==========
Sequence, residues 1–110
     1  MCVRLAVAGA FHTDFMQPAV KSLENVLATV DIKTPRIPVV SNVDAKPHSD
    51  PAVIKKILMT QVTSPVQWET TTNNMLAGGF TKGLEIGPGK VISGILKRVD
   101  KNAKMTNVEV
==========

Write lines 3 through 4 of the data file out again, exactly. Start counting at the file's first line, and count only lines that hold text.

    51  PAVIKKILMT QVTSPVQWET TTNNMLAGGF TKGLEIGPGK VISGILKRVD
   101  KNAKMTNVEV